On Monday individuals from the four websites who collected TTC website suggestions from the Toronto community through their weblogs released their findings to the TTC and the general public. They did so in the worst way possible; using a spreadsheet. These are four fairly successful websites, all running popular weblogs and collecting their suggestions from local web users in their comments sections, also on the web. Wouldn’t it have made sense to also release their findings on, oh I don’t know, a web page? Apparently that would have made way too much sense.
Let’s ignore that not everyone has Microsoft Excel on their machines. (I don’t and instead had to wait for that ugly behemoth, NeoOffice, to sputter to life and display the data.) Let’s also ignore that if a spreadsheet was the answer, it could have been released in CSV format. Instead, let’s look at the data. (Those of you without Microsoft Excel will have to follow along using the image below.)
The open letter to Adam Giambrone describes the spreadsheet as “easy to use”. When you say something is easy to use, it had damn well better be. Personally, I had to stare at the spreadsheet for a few minutes before I could make heads or tails of it. Describing something as easy to use when it isn’t has the adverse effect of making anyone who doesn’t find it intuitive feel like an idiot.
First, the data is not a table and the first column seems to have absolutely no relation to the matching rows in the other columns. I have no idea what that first column is supposed to represent. Is it the cities from which the comments originated? Who knows.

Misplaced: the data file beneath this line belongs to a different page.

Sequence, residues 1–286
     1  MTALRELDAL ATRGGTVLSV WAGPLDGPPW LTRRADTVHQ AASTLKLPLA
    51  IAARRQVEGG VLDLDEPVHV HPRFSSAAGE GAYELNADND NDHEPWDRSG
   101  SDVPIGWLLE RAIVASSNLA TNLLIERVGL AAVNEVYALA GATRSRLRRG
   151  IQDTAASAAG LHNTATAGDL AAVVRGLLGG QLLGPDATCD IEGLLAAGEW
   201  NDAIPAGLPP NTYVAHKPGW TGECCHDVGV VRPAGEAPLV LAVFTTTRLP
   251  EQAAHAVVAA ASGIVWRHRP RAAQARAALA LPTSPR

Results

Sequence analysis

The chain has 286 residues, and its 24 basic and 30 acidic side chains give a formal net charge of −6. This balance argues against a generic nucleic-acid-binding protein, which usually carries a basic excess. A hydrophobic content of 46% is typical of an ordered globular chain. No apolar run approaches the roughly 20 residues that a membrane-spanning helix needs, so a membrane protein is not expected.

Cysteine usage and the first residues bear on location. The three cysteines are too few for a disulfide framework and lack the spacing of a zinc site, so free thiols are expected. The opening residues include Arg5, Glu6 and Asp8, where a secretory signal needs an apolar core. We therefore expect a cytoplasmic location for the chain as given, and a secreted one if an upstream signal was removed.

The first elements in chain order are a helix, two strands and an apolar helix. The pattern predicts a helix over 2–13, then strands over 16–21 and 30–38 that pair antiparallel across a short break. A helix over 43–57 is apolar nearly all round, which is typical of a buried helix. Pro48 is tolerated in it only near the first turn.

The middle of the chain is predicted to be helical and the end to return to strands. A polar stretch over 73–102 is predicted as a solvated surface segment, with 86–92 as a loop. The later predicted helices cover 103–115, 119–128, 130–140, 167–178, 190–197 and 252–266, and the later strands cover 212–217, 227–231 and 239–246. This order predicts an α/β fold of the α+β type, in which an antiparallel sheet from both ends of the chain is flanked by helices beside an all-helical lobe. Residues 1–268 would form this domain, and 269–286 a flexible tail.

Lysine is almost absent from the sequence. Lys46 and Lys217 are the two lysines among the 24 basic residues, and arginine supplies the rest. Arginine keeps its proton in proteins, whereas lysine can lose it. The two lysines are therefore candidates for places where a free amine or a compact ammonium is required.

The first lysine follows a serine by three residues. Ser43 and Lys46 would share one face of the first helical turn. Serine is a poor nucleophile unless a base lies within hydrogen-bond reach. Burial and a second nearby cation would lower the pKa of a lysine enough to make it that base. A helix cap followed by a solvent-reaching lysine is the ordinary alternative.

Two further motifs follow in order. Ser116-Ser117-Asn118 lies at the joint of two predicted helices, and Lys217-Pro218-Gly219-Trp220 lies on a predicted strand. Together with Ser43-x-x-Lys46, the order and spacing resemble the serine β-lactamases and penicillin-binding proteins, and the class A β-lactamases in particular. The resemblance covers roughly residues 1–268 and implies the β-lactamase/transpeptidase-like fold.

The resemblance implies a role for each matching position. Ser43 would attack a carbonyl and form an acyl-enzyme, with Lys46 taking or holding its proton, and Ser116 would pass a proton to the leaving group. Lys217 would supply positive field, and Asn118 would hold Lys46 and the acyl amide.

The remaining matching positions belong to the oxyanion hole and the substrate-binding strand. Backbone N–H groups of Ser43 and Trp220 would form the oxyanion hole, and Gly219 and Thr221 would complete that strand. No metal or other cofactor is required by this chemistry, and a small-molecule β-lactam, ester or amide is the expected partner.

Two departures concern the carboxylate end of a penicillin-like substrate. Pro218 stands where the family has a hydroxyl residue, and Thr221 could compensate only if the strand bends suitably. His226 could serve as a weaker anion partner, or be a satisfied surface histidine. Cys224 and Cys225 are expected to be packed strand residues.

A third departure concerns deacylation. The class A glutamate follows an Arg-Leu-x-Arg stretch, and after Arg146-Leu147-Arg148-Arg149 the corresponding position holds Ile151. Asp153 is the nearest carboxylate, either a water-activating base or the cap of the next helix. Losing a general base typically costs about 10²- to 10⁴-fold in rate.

Second, the acronyms and numbers you see (SPC 3, RT 4, etc.) are supposed to describe the website and comment number which made the suggestion in that column. There’s no legend, so I can only assume that “TI” means Torontoist.com and “RT” means Reading Toronto, “SPC” means Spacing and “BT” means blogTO. No website addresses or comment URLs are given so when this spreadsheet is printed or passed around the internals of the TTC, nobody will know what the heck those letters and numbers mean and won’t know where to go for more information.
Third, the spreadsheet isn’t even using spreadsheet functionality. It’s a table, but it’s not. The comment references are comma-separated across multiple rows, so there’s no way to do anything meaningful with this data such as sum the columns and graph the results, which is what everyone wants to do with spreadsheets. To find comment totals, you will have to manually count the references.
Fourth, you can’t see it from the image but my website is misspelled in row 22. It’s crazedmonkey.com, not crazymonkey.com. Thanks, guys.
How would I have captured the website findings? First, I wouldn’t have made the mistake to release it in spreadsheet form. Instead, a simple HTML page would do the trick. The data can be expressed as a list using CSS styling wherever appropriate:
<ol> <li>Suggestion 1 <ul> <li><a href="link to comment">website and comment author or number</a></li> … </ul> </li> … </ol>
With the above format, every comment has a link to check. The file or link can still be passed around with no loss of information.
All of this begs the question, why even bother with a findings document at all? The comments are in an open forum which everyone can read and from which they can draw their own conclusions. Releasing a difficult to understand requirements document does nothing to help, but actually serves to inhibit. Who is going to take seriously anyone who creates a spreadsheet like that and passes it off as helpful? It’s well-intentioned but there’s a reason why the requirements gathering process, particularly in the software and usability fields, is left to the experts, or at least those with domain experience.